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We hope this review was both interesting and useful. Please share it with family and friends who would benefit from it as well.

TV Series Review

The Bible is full of signs and portents regarding the end of the world (as we know it): Four Horsemen, seven seals, the falling star called Wormwood, etc.

But to my knowledge, it never mentions a handbasket.

Perhaps it’s only fitting that the Antichrist would be delivered via handbasket, what with the infernal cliché and all. But given the cargo, you’d think some precautions would’ve been in order to, y’know, make sure the diabolical baby made it to the right set of parents.

Be-Switched

That’s exactly what didn’t happen 11 years ago, when the demon Crowley (the same dude who tempted Eve into plucking a certain fruit off a certain tree) dropped the child off at an abbey filled with satanic nuns. Tasked with slipping the baby to an unsuspecting U.S. ambassador on his wife, the infant Antichrist was instead shuffled off to a middle-class pair of Brits without anyone knowing it.

That’s a problem for all concerned, really. For Satan and his legions of darkness, that means the kid (Adam’s his name) has missed out on 11 years of devilish tutoring, which Crowley had been mistakenly pouring into a run-of-the-mill mortal boy. Naturally, it’s bad news for Crowley himself, too. But for the demon, it extends beyond just disobeying his diabolical boss.

See, Crowley has been working secretly with an angel named Aziraphale to normalize the mistaken, not-so-demonic child (named Warlock) and thus, they think, prevent Armageddon. So while Crowley was filling the kid’s mind with thoughts of death and destruction (satisfying his immediate supervisors), Aziraphale pushed Warlock to love all living creatures (impressing heavenly bureaucrats). The end result, they hope, is a very normal kid who may talk back to his parents but has only a limited desire to annihilate every living being.

Now, with the real Antichrist about to come into his power, Aziraphale and Crowley must find that boy and stop him in order to save the world they’ve both become rather attached to.

But that, of course, comes with its own set of issues.

The Coarse Men of the Apocalypse

Amazon’s Good Omens pulls its story from a 1990 novel of the same name by Terry Pratchett and Neil Gaiman (though some elements apparently derive from an unwritten sequel). Pratchett, who died in 2015, was famous for his comic fantasies, so of course it’s funny. Neil Gaiman is the man behind such imaginative novels as Coraline and American Gods, so of course it’s creative. And, given its subject matter, of course it’s blasphemous, too.

At its core, the show’s spiritual problems stem from a simple, serious, theological error: The concept that there’s good, there’s evil, and then there's the muddled middle where most of us live.

Angels here are strict-and-stuffy fun-haters. Demons are wicked, but (at least in Crowley’s case) kind of a kick to be around. And both sides are playing a rather evenly matched game—with human pawns in play. As such, both Crowley and Aziraphale hope to keep the Antichrist from picking a side. “If we do it right, he won’t be evil,” Crowley says. “Or good. He’ll just be normal.”

But in Christian thinking (and remember, Good Omens is at least superficially filled with Christian images, ideas and themes), we’re always on a side. We can either submit to Christ's authority and follow Him … or not.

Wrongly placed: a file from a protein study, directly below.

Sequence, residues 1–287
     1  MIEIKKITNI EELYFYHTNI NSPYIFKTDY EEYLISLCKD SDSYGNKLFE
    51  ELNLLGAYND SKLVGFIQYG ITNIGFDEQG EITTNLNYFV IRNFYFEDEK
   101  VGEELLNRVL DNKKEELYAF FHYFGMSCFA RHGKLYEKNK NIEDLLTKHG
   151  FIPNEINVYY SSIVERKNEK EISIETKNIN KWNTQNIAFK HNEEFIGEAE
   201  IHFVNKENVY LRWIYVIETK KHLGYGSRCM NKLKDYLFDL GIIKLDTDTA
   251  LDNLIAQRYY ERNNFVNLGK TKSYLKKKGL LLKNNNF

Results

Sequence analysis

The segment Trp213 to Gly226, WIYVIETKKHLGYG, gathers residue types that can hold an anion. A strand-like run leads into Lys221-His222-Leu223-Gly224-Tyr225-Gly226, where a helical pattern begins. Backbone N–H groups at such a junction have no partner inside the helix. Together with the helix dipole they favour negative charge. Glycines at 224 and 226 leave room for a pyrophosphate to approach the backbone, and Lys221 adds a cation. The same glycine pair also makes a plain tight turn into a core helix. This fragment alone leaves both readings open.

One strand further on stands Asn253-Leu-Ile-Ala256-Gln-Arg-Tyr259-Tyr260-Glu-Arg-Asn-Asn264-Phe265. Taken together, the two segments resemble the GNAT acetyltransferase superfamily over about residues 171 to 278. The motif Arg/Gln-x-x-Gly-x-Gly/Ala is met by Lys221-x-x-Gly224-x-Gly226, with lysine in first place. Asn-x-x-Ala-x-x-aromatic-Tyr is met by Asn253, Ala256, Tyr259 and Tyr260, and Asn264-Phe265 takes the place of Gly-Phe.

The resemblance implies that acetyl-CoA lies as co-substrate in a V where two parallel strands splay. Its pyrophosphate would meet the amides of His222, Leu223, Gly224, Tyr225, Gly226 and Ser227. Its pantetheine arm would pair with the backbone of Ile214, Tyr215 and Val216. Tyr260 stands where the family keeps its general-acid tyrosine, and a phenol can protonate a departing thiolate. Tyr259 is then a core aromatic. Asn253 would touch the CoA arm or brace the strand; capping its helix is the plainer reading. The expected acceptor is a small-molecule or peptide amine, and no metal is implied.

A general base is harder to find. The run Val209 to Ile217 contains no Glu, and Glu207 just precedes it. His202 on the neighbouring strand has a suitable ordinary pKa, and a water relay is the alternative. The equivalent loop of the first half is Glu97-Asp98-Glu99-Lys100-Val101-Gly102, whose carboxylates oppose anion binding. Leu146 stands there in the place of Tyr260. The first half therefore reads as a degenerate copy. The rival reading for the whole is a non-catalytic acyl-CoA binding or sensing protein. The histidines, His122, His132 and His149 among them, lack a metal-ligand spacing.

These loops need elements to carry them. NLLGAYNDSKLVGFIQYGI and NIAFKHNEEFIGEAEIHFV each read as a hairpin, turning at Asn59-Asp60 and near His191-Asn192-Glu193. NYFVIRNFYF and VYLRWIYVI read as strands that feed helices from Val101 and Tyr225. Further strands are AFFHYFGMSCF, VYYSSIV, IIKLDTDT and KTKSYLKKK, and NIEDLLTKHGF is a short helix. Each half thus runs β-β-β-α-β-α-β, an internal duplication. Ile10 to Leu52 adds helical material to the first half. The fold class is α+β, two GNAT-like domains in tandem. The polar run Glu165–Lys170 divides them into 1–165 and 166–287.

For all of its wit, Good Omens feeds into a very wishful, very contemporary and, I think, very humanistic understanding of who we are and why we’re here. The miniseries could certainly foster a bevy of fascinating theological discussions. But it’s a most unreliable narration, and thus potentially corruptive at its core.

It has superficial problems as well, though perhaps fewer than you might expect. Sporadic nudity flashes onscreen. Characters utter occasional profanities (though sometimes bad words come in streams rather than trickles). And remember, the show is predicated on a climactic war between heaven and hell, which some characters don’t survive to see. While the violence here is treated in a rather lighthearted manner, that doesn’t stop the occasional witch from being burned at the stake (and, incidentally, exploding to kill all of the onlookers as well).

Good Omens is thought by many to be a good show. But spiritually, this Amazon Prime miniseries seems like it needs to be carted away in its own handbasket.

Positive Elements

Spiritual Content

Sexual Content

Violent Content

Crude or Profane Language

Drug and Alcohol Content

Other Negative Elements

Conclusion

Pro-social Content

Objectionable Content

Summary Advisory

Plot Summary

Christian Beliefs

Other Belief Systems

Authority Roles

Profanity/Violence

Kissing/Sex/Homosexuality

Discussion Topics

Additional Comments/Notes

Episode Reviews

May 31, 2019: "In the Beginning"

Credits

Rating

Readability Age Range

Author

Cast

David Tennant as Crowley; Michael Sheen as Aziraphale; Sam Taylor Buck as Adam Young; Jon Hamm as the Archangel Gabriel; Jack Whitehall as Newton Pulsifer; Adria Arjona as Anathema Device; Michael McKean as Witchfinder Sergeant Shadwell; Miranda Richardson as Madame Tracy; Ned Dennehy as Hastur; Ariyon Bakare as Ligur; Daniel Mays as Arthur Young; Sian Brooke as Deidre Young; Nick Offerman as Thaddeus Dowling; Jill Winternitz as Harriet Dowling; Frances McDormand as the voice of God

Director

Distributor

Network

Amazon

Performance

Record Label

Platform

Publisher

Released

On Video

Year Published

Awards

Reviewer

Paul Asay

We hope this review was both interesting and useful. Please share it with family and friends who would benefit from it as well.

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